December 13, 2016
After any presidential election – and perhaps more so now than after any other election in recent memory – the policy world takes stock of how the results will alter the federal government’s path forward, and what its actions will be on existing policies.
While education experts are focused on the implications of President-Elect Trump’s choices for Secretary of Education and other cabinet positions, we must also keep in mind the important changes that may escape the media’s notice.
Just two months ago, the federal government released new regulations governing the oversight of teacher preparation programs. These regulations had been years in the making and, while not perfect, took a strong step forward toward demanding better training for all future teachers.
Unfortunately, as a piece in The 74 explained, it’s unlikely that states will ever have to put these new regulations into action. The new Congress that takes office in January is likely to nullify them under the Congressional Review Act.
However, if Congress does halt them, its objections are likely rooted in what it perceives as overstepping by the U.S. Department of Education – establishing regulations more properly crafted as law – rather than any inherent objection to greater oversight over teacher preparation programs.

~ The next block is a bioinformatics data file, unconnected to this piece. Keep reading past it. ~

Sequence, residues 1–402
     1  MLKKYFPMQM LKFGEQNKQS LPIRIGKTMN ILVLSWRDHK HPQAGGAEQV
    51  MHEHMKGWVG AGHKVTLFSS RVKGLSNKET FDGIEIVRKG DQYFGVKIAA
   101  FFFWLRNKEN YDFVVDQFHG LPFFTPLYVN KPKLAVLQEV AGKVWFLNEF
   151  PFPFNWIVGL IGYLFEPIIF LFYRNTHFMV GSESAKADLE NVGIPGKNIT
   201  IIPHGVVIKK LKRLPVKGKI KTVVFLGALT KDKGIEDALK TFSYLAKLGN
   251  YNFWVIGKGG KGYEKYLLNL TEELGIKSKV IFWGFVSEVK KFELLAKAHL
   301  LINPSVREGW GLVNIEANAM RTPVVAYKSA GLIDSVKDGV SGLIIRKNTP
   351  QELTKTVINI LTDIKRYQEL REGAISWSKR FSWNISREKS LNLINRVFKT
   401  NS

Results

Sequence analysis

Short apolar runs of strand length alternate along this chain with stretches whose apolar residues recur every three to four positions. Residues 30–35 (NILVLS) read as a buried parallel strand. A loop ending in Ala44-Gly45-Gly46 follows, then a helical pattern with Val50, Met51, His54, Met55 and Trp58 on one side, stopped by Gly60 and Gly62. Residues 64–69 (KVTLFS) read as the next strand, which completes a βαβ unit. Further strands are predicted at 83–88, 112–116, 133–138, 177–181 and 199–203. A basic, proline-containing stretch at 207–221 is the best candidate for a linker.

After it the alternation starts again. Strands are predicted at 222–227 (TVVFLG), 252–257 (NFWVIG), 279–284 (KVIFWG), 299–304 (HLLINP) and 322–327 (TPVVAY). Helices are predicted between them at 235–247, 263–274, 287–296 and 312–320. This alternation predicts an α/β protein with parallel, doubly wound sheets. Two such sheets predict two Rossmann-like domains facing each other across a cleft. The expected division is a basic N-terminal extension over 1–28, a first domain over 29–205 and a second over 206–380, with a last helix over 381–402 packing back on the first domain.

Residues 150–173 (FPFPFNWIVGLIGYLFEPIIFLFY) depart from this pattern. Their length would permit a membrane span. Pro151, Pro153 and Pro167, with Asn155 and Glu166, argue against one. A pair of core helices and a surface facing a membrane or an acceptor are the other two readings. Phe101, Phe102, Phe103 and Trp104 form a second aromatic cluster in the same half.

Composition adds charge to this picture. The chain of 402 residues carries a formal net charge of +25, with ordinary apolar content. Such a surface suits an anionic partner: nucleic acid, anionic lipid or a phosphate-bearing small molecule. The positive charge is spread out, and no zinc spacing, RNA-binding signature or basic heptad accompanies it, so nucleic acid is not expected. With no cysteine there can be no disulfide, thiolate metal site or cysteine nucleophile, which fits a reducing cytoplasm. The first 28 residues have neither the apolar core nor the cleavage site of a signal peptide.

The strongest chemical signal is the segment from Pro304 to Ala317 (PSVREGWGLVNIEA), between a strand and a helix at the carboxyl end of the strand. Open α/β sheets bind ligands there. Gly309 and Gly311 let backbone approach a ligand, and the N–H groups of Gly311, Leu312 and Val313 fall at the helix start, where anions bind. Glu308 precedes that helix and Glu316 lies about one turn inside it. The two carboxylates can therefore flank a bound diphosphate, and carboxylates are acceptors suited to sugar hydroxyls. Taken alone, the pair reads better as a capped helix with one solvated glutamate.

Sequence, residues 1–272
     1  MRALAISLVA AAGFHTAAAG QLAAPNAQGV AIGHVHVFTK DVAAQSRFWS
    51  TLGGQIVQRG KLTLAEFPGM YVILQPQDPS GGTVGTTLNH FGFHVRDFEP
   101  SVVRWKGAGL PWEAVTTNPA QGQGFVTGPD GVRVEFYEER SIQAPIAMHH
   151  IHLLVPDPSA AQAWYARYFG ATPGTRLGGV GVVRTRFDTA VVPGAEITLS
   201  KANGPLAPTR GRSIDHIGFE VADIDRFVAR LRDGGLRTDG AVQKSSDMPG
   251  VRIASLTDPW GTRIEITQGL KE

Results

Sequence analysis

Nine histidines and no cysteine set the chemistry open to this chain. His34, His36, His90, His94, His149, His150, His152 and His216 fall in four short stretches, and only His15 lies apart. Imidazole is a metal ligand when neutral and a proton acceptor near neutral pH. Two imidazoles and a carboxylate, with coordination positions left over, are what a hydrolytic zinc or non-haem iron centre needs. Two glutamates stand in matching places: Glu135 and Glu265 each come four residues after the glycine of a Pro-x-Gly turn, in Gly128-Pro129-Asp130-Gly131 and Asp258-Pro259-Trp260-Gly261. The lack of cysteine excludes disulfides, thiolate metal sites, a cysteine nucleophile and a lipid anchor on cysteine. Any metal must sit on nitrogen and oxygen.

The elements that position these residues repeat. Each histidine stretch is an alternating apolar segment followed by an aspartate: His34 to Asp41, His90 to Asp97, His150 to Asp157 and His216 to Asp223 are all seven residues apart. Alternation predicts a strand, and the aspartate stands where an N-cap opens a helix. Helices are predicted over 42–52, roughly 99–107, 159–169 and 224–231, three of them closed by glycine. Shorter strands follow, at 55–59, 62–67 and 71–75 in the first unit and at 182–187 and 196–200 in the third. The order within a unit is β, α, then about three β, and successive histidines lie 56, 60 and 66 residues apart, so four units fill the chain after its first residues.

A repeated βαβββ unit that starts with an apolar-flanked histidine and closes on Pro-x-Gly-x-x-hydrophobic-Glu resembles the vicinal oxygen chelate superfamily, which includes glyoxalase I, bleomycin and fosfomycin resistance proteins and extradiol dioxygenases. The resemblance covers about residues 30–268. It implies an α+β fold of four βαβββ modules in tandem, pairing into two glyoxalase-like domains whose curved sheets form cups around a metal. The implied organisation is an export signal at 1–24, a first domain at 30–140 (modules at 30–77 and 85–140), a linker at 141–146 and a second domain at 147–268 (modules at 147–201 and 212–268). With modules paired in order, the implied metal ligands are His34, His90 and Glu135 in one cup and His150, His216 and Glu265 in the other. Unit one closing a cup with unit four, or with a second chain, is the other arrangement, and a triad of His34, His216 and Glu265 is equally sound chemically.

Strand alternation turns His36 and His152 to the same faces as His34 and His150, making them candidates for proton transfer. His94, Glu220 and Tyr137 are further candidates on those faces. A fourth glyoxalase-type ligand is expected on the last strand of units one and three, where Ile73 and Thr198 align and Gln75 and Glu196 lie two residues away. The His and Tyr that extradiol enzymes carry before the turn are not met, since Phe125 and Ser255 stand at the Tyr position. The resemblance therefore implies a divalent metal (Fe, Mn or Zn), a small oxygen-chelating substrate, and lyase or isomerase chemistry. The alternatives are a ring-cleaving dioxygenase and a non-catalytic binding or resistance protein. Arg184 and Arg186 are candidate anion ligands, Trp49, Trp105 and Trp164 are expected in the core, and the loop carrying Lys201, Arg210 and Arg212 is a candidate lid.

While we would like to see the regulations stay intact, the reality is that this outcome is unlikely. We are hopeful that many groups will work diligently to resurrect them in the course of reauthorizing the Higher Education Act (HEA), which is slated for this spring.
Why are these new regulations – or a version embedded in HEA – a net plus? Here are a few big reasons:
This wealth of information can help (1) consumers make informed decisions about where to go for their training, or where to hire new teachers; (2) teacher prep programs identify areas for improvement; and (3) states provide technical assistance and accountability.
Improved reporting by teacher preparation programs and the states that oversee them offers an enormous opportunity to better understand the teacher workforce and the impact of programs on the talent pipeline. But unless the federal government takes a firm stand, one way or another, this opportunity is going to slip away.